Sorry about the dual post.

    Too much coffee this morning produced finger twitch.

    South Roseneath • Since Nov 2006 • 802 posts Report Reply

  • Paul Williams,

    Compared with the the Australian public sector, NZ's is very efficient. I'm astounded at the size of some state's public service, NSW being particularly large. And, to echo Rob's post above, the professionalism in the NZ public sector is also comparatively high. Perhaps I'll leave it at that however.

    Sydney • Since Nov 2006 • 2209 posts Report Reply

  • BenWilson,

    Compared with the the Australian public sector, NZ's is very efficient.

    LOL, yeah, I got a mate who got a job recently working as a lawyer for the Govt over in Sydney. He said after 3 months he hadn't actually been asked to do any work whatsoever. When it came time for his review, his boss said she was really, really pleased with his work. And he's getting paid damn good money too.

    Auckland • Since Nov 2006 • 8316 posts Report Reply

  • Shep Cheyenne,

    NZ has a f*&ked up work ethic with the excesses of the 80s cut backs and the 90s screw downs Kiwis just work too hard.

    Telecom & a few other companies got screwed in court for draining every drop of blood out of their employees and then firing them.

    The phrase work life balance seems to be a euphemisim for drop-out or burn-out in some work places I've been in.

    1991 I had to work a 1/2hr more a day for no more pay & then I got a hrly rate pay cut. This has not caught up & that industry is even more causual (which has its advantages sure) with reduced benefits, conditions & pay.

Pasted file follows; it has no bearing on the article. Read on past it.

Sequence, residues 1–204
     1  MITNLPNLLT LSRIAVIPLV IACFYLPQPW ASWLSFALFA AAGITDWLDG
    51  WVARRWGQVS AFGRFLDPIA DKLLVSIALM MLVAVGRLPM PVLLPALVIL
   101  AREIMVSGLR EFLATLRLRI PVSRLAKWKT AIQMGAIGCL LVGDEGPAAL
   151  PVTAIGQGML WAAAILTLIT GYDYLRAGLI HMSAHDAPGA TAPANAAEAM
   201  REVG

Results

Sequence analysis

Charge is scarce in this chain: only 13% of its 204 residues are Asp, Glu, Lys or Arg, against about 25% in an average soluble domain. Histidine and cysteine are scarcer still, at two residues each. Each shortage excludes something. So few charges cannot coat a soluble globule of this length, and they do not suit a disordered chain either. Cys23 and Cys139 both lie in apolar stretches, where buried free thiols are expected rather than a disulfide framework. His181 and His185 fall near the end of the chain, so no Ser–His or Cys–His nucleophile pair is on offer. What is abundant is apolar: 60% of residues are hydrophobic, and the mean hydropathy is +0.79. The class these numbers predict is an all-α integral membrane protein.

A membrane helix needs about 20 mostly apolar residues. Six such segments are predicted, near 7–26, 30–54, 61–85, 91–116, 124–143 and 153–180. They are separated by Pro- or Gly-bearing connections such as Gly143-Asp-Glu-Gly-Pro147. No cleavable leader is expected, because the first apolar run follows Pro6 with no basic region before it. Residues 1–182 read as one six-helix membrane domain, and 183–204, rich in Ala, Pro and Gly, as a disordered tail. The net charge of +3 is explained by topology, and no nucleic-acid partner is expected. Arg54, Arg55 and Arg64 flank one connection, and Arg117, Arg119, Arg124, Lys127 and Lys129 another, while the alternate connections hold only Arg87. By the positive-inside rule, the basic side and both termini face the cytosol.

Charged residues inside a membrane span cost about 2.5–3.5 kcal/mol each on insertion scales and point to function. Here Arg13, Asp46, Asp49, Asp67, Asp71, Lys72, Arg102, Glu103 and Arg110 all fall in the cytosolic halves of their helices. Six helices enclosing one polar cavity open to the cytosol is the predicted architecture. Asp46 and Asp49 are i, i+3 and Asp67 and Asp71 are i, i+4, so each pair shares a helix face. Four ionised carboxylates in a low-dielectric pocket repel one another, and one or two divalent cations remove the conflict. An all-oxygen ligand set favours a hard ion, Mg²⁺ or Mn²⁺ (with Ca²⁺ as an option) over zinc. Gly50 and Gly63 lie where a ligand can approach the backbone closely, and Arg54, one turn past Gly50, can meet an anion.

Headline yesterday of a 30% drop in house prices needed for the average family to buy misses the point entirely.

    We need a 30% pay rise across NZ & a bit of restraint at the top end. Senior Management shud be paid no more than 3 times the average employees wage would be a good philosophy to start with. Raising the average wage rather than dropping the CEOs to achieve this.

    Since Oct 2007 • 927 posts Report Reply

  • Rob Stowell,

    Hoho, those aussies!
    My wife had a job in the Australian civil service in the 80's, in the Ministry of Defence, addressing mail-outs to defence contractors.
    She soon realised she was writing the same addresses out over and over again. She got someone to type up multiple sticky labels for all the main contractors, and could do her day's work in about half an hour, most days. The addresses were more legible and generally less error-prone, too.
    No-one noticed.
    After three months she was so bored, she quit, and her supervisor realised she wouldn't have to be replaced. He was apparently quite miffed- possibly because he'd lose status for having one less lackey.

    Whakaraupo • Since Nov 2006 • 1468 posts Report Reply

  • Caleb D'Anvers,

    A close relative of mine was high-up in the State Services Commission during the '90s. Her politics were Thatcherite -- I remember there being lots of ACT Party literature around her house -- but by the end of the decade she had become thoroughly disillusioned and was reading John Ralston Saul.

    As she saw it, the SSC's role had become purely destructive. Its sole purpose seemed to be administering an endless series of reviews and cutbacks for Government entities. It was a kind of vindictive game -- seeing how many staff you could get rid of and how much budget you could cut while the body remained alive. Outside the SSC and Treasury, the public sector was essentially on life-support by '99, and no wonder.

    Anyone who wonders why there's been an increase in state-sector staffing under Labour has presumably forgotten those years. There were as few public servants in 1999 as there had been at any time since the end of the Second World War. Far too few, in fact, to do the work they were charged with.